LU 15-0019: Natural Resources Program and Sensitive Lands Revisions
Amend the Comprehensive Plan (text and map), adopting a new Healthy Ecosystems chapter and replacing Plan provisions under Goal 5 (Open Spaces, Scenic and Natural Resources), Goal 6 (Air Resources Quality), and Goal 15 (Willamette River Greenway); amend the Community Development Code (CDC) and Zoning Map to implement changes to the Sensitive Lands overlay districts (LOC 50.05.010 and LOC 50.07.004.8); and amend cross-references contained in the CDC, LOC 42 (Streets and Sidewalks), LOC 47 (Signs), and LOC 55 (Trees) for consistency with the amended Sensitive Lands regulations.
At its meeting on December 15, 2015, the City Council approved the proposed amendments (Ordinance 2687).
A link to adopted Ordinance 2687 is available below under "Key Documents."
At its meeting on November 17, 2015, the City Council held a public hearing and made a tentative decision to approve the proposed amendments (Ordinance 2687). The Council is scheduled to consider adoption of the final ordinance on December 15, 2015. For more information regarding the Council's agenda and schedule, please contact Anne-Marie Simpson, City Recorder, (503) 534-4225.
At its meeting on October 12, 2015, the Planning Commission approved the Findings, Conclusions and Order (final recommendation). The City Council public hearing is scheduled for Tuesday, November 17, 2015.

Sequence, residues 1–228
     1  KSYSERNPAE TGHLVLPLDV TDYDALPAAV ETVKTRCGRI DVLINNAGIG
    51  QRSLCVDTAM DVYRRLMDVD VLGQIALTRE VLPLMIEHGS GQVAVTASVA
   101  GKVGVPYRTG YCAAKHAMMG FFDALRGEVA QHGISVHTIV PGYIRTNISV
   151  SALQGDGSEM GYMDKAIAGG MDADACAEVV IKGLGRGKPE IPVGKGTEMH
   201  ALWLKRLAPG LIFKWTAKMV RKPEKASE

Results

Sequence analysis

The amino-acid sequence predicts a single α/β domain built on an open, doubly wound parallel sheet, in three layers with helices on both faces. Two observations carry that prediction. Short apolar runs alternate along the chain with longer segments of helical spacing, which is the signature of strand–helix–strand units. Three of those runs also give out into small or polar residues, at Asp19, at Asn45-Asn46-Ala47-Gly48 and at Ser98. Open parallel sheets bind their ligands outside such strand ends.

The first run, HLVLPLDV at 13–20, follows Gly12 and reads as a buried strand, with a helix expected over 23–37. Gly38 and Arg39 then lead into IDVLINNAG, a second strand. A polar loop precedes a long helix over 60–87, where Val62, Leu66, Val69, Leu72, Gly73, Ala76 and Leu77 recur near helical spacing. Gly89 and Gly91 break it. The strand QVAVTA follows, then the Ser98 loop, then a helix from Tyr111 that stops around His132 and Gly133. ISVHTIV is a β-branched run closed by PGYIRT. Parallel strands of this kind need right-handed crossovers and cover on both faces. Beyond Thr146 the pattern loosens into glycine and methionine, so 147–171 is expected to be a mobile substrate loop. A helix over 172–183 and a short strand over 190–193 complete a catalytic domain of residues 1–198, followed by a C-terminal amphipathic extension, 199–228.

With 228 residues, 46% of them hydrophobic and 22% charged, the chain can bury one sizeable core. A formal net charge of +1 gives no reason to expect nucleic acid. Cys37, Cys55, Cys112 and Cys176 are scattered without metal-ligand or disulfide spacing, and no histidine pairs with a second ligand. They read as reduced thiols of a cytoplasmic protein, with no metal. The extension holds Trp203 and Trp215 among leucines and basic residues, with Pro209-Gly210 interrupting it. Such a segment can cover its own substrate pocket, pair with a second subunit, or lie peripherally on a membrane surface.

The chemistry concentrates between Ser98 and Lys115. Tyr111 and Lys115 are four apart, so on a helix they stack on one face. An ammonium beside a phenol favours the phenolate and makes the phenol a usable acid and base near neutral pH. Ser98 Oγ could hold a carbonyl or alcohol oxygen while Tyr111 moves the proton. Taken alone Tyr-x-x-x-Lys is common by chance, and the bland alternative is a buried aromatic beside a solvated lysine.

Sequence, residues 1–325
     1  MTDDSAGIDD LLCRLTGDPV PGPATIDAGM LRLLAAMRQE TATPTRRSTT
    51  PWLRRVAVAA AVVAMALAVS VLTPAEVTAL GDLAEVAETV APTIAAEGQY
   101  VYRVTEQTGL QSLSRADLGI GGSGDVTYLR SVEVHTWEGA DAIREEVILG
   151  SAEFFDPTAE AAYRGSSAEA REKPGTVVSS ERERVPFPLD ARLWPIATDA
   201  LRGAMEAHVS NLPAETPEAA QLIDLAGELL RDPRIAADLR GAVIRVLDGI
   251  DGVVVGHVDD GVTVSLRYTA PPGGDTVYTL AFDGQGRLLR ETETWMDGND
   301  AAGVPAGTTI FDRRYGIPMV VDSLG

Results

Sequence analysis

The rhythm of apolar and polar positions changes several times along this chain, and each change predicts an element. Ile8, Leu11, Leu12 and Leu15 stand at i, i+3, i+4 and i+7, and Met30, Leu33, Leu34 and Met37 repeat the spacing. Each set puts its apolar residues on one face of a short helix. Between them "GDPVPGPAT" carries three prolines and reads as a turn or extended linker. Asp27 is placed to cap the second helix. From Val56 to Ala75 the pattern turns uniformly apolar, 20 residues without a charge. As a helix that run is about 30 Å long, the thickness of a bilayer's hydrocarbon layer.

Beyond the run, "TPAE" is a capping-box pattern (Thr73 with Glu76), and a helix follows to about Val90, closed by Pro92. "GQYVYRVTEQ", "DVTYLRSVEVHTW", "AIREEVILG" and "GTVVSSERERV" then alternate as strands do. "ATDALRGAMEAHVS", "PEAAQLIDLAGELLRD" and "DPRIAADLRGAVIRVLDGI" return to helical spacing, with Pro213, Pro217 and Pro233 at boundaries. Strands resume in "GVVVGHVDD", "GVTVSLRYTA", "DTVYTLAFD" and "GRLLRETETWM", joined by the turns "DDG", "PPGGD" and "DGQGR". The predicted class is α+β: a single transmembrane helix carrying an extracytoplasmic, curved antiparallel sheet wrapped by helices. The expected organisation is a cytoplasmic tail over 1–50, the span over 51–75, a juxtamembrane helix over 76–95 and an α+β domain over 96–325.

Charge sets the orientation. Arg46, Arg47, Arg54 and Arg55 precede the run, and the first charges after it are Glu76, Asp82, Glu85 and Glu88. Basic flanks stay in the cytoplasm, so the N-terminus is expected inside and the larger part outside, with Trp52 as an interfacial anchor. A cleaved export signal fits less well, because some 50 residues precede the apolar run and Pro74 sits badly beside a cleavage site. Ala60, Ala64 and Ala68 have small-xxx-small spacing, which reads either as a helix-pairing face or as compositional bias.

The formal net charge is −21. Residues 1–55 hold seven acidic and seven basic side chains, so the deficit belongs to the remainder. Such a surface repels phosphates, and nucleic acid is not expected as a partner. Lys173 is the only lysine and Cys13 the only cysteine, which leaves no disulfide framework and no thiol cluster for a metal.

View the updated Sensitive Lands Map which reflects revisions made by the Planning Commission.
For more information regarding the Council's agenda and schedule, please contact Anne-Marie Simpson, City Recorder, (503) 534-4225.
At its meeting on 09/28/15, the Planning Commission reopened the public hearing, heard additional testimony and made a preliminary recommendation that the City Council approve the proposed amendments as discussed. The Findings, Conclusions and Order (the final recommendation) will be considered on October 12, 2015.
At its meeting on September 14, 2015, the Planning Commission opened the public hearing, received a presentation from staff and accepted public testimony. The Commission continued the hearing to Monday, September 28, 2015, and asked that staff return with clarifying information. Additional written testimony will be accepted and the Commission will also accept testimony at the continued hearing on September 28th.
The Planning Commission is scheduled to hold a public hearing on proposed Natural Resources Program and Sensitive Lands amendments (LU 15-0019) on September 14, 2015. This page contains the public hearing draft of the proposal, which has been revised since publication of the June 26 Public Review Draft. The proposal responds to comments the City received from citizens, Metro, and State agencies, and input from the Planning Commission.
Proposed Ordinance 2687 contains the following elements: